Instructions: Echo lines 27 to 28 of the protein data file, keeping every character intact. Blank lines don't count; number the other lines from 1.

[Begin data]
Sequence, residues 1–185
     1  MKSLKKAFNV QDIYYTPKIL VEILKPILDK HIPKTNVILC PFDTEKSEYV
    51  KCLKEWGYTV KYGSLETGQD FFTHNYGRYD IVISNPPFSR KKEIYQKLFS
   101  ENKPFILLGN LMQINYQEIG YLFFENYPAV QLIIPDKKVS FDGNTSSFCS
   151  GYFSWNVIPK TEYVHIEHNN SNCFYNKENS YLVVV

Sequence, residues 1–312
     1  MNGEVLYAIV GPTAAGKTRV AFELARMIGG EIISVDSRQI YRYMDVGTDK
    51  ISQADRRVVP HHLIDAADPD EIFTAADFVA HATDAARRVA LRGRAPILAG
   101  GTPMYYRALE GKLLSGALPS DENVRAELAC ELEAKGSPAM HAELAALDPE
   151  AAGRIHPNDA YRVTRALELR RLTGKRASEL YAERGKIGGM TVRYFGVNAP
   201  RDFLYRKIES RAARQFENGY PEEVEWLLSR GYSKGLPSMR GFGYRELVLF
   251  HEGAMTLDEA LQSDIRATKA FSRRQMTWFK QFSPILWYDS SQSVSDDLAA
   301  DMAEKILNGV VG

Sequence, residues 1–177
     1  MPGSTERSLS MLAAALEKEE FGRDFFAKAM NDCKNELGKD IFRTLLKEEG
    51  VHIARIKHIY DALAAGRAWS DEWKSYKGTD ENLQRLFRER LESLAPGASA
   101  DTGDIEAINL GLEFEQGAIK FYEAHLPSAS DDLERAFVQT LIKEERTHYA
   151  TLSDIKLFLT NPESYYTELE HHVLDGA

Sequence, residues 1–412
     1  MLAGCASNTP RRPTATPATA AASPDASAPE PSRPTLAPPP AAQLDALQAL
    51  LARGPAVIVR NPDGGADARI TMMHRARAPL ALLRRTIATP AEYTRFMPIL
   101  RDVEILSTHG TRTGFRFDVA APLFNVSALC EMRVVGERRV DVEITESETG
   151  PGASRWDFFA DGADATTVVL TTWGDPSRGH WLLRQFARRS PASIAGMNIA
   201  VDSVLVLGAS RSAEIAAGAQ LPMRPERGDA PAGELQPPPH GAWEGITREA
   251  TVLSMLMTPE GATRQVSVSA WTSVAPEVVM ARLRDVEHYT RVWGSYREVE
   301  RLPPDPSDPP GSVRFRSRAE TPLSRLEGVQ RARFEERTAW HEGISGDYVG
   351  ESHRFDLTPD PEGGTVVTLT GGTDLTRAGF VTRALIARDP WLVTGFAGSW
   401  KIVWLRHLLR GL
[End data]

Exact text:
   351  ESHRFDLTPD PEGGTVVTLT GGTDLTRAGF VTRALIARDP WLVTGFAGSW
   401  KIVWLRHLLR GL